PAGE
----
Snooper’s charter

A new British mass surveillance bill faces stiff opposition from technology companies and many others.

Apple, Facebook, Google and many others are highly critical of a British bill widely known as the Snooper’s Charter, which would give authorities the power to monitor citizens’ digital communications, reports the International Business Times. The bill would also force technology companies to turn over customer data on demand.

For Canadians, this British initiative has a strong flavour of déjà vu.

The bill, officially called the Draft Investigatory Powers Bill, was first published by Home Secretary Theresa May following the November terrorist attacks in Paris. May said that many powers outlined in the bill were already used by the Government Communications Headquarters; the bill was simply making them official.

Under the bill, police and security services would be allowed to effect “equipment interference” (which the IBTimes translates as “hack”) into citizens’ communications. Telecommunications providers (phone companies, Internet service providers, Facebook, etc.) would be expected to provide access to their users’ encrypted data. Providers would also be required to store records of websites visited by clients for 12 months, and these would be accessible to police, security services and public bodies. Final authority and judicial oversight would rest in the hands of a single commissioner.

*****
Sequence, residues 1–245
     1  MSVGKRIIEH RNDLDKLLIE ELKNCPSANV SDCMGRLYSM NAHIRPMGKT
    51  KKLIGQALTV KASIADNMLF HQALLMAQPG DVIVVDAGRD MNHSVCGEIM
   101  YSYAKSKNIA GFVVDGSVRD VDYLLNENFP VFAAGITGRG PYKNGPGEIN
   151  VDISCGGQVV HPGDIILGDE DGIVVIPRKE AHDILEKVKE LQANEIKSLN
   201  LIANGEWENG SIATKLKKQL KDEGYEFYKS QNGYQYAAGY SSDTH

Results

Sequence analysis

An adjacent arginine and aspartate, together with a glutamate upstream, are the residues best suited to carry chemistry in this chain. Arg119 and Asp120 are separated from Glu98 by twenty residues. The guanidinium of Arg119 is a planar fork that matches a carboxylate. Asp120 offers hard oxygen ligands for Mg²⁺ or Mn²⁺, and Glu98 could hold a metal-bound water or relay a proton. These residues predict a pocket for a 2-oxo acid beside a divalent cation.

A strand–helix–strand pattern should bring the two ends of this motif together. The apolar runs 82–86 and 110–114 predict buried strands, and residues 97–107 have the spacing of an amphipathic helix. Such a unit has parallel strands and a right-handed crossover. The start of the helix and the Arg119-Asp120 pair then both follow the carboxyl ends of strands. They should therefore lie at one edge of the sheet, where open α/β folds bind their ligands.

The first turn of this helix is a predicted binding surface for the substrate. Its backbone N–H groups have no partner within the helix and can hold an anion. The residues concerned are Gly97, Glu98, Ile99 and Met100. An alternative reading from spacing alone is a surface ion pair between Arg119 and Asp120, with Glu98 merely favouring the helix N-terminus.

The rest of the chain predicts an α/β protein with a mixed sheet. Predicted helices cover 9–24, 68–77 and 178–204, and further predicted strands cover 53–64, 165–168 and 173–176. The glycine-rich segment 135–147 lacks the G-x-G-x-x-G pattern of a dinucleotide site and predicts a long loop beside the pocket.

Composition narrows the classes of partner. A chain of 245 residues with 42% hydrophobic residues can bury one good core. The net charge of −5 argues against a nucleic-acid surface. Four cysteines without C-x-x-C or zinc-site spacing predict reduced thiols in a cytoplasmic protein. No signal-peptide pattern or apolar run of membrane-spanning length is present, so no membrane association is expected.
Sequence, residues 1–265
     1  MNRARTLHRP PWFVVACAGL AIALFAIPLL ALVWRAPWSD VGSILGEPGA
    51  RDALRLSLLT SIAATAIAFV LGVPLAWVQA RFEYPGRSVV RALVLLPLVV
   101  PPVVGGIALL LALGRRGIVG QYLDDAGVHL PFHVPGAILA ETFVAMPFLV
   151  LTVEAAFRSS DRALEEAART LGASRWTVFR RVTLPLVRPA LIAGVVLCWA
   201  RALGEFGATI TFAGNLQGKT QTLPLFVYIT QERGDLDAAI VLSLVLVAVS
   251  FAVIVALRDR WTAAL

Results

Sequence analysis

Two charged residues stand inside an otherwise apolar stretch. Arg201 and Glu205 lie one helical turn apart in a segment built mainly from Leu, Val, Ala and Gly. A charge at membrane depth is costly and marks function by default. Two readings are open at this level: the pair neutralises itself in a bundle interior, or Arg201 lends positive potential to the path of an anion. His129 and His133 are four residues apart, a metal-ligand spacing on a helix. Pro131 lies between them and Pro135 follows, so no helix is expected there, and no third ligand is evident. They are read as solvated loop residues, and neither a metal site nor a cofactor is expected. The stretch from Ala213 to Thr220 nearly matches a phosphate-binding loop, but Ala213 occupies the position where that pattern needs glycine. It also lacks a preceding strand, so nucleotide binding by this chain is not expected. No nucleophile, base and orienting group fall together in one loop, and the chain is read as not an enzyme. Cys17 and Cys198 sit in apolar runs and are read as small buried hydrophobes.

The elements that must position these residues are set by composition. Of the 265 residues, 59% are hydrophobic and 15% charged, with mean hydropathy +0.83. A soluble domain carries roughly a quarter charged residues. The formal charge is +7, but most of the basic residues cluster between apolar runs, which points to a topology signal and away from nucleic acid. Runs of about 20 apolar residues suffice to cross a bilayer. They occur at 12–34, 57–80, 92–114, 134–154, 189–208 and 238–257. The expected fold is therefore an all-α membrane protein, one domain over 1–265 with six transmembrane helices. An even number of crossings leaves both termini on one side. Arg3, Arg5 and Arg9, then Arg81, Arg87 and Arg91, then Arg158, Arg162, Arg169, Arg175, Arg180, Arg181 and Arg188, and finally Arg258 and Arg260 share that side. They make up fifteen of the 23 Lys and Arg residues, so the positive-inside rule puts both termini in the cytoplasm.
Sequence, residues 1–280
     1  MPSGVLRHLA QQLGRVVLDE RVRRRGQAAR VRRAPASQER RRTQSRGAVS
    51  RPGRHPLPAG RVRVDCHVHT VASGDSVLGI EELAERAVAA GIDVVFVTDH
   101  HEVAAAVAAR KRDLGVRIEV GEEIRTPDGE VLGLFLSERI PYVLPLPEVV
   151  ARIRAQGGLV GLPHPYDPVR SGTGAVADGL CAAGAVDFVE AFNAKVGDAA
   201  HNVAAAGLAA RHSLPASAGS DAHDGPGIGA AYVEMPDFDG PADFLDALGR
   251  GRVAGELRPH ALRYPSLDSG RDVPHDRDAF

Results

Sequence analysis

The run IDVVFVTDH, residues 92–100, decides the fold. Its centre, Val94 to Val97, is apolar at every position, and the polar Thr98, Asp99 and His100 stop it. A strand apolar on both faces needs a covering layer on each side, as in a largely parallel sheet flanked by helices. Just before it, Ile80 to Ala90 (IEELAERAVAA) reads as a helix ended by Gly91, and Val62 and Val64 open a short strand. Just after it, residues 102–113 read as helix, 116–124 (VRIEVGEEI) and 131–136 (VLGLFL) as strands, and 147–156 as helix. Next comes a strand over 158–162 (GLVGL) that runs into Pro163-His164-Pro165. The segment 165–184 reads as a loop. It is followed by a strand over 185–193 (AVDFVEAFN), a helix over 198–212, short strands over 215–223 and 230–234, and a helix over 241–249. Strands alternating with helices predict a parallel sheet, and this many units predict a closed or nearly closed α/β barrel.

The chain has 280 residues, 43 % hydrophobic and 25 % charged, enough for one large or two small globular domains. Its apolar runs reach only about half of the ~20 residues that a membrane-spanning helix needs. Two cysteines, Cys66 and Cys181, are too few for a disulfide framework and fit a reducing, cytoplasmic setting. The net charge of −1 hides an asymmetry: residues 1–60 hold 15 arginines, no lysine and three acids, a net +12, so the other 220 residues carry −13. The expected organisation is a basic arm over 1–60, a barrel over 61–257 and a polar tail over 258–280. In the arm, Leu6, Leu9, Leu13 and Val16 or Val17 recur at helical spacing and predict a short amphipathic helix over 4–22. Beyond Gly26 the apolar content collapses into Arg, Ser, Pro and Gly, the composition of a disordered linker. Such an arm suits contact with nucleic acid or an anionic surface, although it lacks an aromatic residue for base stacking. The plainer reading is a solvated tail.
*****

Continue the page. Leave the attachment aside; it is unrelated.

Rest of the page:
The bill is facing much opposition, notably from three parliamentary committees, and even from the United Nation’s special rapporteur on privacy, who asked May to “desist from setting a bad example to other states.” A group of US technology giants, including Facebook, Google, Twitter and Yahoo, commented: “The actions the UK government takes here could have far-reaching implications — for our customers, for your own citizens, and for the future of the global technology industry.”

About the Author

Yan Barcelo


Yan Barcelo is a journalist in Montreal.

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